How To Dress For A Professional Interview: Attire, Makeup, Hair and Nails

By Janey Dike on June 26, 2014

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Looking professional can mean different things to different people. But when it comes to interviews, the same basic rules can be applied to make sure that your appearance helps rather than harms you.

Interviews are a chance to make a first impression. Every interview has the chance to be an important first step for future opportunities. It’s important to make sure that what you look like doesn’t deter a possible employer from hiring you. And if you do end up landing the coveted job or internship, fashion tips that you use for your interview can also be applied in a professional work setting.

Here’s how to pull off a polished, accomplished and confident look to nail any interview that comes your way:

Attire: Depending on what the interview is for, you may be able to dress more casually for some jobs than others. This is especially true for college-aged students whose job won’t require wearing a suit to work everyday.

On the other hand, if you are unsure as to what level of professionalism to dress for, it is better to look more polished and less casual. Your outfit can be stylish and flattering, but it should also be simple and not divert attention away from your face, words and resume.

Pencil skirts, dress pants, blazers, dresses with appropriate coverage, plain button-up shirts, cardigans, nice blouses and simple and untarnished pumps, boots or flats are all acceptable articles of clothing to wear for interviews. Basic jewelry is appropriate, especially in gold, silver or black.

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Makeup: There isn’t one particular way to do your makeup and be appropriate for an interview. There are, however, a lot of ways NOT to do your makeup. Overall, your cosmetics shouldn’t be distracting. The thing that the interviewer most remembers about you shouldn’t be your dramatic eye shadow or layered-on bronzer.

Simple, more natural-looking makeup for your complexion is the best look to strive for. If you still want to add a bit more color or highlight a feature, try to focus on just one area, such as lips, cheekbones, or eyes, to avoid looking clownish or like you are dressed up to go out.

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Hair: While you don’t want to look like a completely different person than you actually are when heading into an interview, you do want to show up looking clean and professional. That means if your hair is usually wild and free, it may need a bit of taming and styling to keep everything in place.

The best way to get a sleek, stylish look is to pull your hair back. Whether that means a neat ponytail, a bun, top knot, or a French twist, just make sure to practice creating the up-do a couple times before having to create it for the actual interview.

If you do choose to leave your hair down, or if you have hair that is too short to put up, tame any stray hairs or flyaways with hairspray or a comb. In addition, if you keep your hair down, be sure that it isn’t covering your face and that you won’t be tempted to play with it or push it back throughout the duration of the interview.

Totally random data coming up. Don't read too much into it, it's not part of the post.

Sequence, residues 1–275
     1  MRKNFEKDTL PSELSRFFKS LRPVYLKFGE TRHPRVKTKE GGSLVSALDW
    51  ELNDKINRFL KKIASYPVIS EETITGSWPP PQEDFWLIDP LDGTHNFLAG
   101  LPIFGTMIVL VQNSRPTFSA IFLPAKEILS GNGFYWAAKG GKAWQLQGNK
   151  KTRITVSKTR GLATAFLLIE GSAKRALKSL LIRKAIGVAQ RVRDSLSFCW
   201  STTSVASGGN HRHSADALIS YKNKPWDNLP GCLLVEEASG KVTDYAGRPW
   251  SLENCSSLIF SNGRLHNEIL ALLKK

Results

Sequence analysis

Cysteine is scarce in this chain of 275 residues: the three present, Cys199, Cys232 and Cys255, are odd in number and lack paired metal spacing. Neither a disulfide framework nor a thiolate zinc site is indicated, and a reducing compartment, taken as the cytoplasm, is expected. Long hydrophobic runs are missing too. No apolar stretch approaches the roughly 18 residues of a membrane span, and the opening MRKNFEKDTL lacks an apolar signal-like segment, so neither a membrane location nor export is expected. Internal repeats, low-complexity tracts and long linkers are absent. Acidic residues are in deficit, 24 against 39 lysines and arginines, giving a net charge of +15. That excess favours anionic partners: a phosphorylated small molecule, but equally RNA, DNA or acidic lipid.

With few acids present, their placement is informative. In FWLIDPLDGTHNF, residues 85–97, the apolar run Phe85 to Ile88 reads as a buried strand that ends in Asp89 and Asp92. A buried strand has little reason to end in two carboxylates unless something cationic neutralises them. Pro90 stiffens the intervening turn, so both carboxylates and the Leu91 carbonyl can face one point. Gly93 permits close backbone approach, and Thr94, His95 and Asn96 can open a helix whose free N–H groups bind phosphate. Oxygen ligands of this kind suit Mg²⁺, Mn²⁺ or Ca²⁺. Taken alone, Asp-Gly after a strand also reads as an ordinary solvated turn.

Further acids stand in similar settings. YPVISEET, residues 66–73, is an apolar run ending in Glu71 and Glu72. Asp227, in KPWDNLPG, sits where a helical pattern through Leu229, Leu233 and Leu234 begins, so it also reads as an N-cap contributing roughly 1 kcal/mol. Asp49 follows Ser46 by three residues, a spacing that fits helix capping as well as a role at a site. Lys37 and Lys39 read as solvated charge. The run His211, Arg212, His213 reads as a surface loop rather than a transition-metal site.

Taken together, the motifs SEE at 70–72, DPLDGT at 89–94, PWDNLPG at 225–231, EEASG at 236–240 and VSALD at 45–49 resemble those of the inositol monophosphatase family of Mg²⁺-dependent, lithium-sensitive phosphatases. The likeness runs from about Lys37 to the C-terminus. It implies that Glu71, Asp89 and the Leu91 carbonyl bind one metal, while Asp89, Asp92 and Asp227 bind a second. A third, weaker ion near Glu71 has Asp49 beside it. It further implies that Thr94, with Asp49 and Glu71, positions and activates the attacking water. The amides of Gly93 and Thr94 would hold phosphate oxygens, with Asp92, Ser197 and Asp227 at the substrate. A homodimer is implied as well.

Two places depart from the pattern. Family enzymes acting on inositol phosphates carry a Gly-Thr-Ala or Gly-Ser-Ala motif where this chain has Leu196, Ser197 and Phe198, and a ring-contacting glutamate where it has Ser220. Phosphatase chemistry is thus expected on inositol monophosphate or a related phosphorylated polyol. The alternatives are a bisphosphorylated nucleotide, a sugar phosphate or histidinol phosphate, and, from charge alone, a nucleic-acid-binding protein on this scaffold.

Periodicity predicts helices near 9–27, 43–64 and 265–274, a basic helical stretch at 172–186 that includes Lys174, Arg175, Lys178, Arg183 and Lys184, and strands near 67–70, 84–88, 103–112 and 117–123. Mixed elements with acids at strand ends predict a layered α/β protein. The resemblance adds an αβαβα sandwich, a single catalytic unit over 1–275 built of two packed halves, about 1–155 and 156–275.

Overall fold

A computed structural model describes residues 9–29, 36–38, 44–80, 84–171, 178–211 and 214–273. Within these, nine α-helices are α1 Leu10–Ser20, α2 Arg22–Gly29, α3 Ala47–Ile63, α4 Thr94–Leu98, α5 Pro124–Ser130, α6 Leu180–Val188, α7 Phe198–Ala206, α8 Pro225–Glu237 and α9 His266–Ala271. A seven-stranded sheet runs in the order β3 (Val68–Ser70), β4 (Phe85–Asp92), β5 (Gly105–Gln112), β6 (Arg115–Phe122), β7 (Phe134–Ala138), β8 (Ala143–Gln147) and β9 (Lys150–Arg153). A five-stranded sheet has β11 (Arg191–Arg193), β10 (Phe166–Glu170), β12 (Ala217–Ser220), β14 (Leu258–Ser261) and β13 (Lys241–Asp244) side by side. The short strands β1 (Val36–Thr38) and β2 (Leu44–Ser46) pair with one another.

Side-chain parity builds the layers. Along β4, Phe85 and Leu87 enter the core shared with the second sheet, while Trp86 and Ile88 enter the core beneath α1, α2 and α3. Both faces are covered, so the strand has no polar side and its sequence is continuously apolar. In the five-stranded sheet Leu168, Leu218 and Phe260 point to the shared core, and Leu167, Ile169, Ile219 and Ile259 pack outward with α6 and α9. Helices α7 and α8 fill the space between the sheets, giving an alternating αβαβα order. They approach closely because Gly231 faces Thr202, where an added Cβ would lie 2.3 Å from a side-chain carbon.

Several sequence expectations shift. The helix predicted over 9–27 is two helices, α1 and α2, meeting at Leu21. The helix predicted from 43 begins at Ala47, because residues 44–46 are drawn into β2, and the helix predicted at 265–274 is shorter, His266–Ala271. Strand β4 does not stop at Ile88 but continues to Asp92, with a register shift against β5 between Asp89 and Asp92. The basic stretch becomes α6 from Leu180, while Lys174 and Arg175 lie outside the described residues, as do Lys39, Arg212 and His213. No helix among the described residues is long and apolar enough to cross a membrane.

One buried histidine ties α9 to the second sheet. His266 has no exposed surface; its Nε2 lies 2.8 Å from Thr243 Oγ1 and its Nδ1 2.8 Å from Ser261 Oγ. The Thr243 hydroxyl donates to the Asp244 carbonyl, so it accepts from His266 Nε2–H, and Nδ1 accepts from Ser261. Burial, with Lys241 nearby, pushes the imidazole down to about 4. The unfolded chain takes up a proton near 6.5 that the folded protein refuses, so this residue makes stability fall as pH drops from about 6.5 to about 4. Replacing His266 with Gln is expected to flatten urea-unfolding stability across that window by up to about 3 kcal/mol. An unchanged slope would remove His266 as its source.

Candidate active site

Frizzy, frazzled, oily, or tangled hair could give the impression to the outside world that you are also frazzled or messy, even if you are actually very put together and organized.

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Hands and Nails: Believe it or not, the condition of your hands and nails can leave a very strong impression with possible future employers. The most important thing is to show good hygiene by ridding hands and nails of dirt, grime and food.

Good hygiene gives the impression of organization and responsibility. For men, nails should be cut short. Women’s nails also shouldn’t be excessively long.

In terms of nail polish, color and designs shouldn’t be distracting and shouldn’t take the interviewer’s attention away from you and all of your great qualities and experiences. The best thing to do is to either leave nails unpolished or choose a solid color, preferably a muted tone.

Neutral hues and pinks/reds are always a smart go-to choice for nail polish colors at an interview. If you choose to use polish, it shouldn’t be chipped. Retouch your nails before your interview or wait until shortly before the meeting to ensure that the color is solid and has full coverage.

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While these guidelines can be applied to most interviews and professional settings, you can do even more to prepare for your specific interview. If you are familiar with the workplace or business, look at what the current employees wear to their jobs. If possible, check out what people in your specific position wear on a daily basis. Sometimes businesses will also have a set dress code available that can be used for reference in order to be in accordance with policy.

Search through the Uloop job listings to find your next Part-Time or Full-Time employment or Internship opportunity. Employers are waiting to hear from you!

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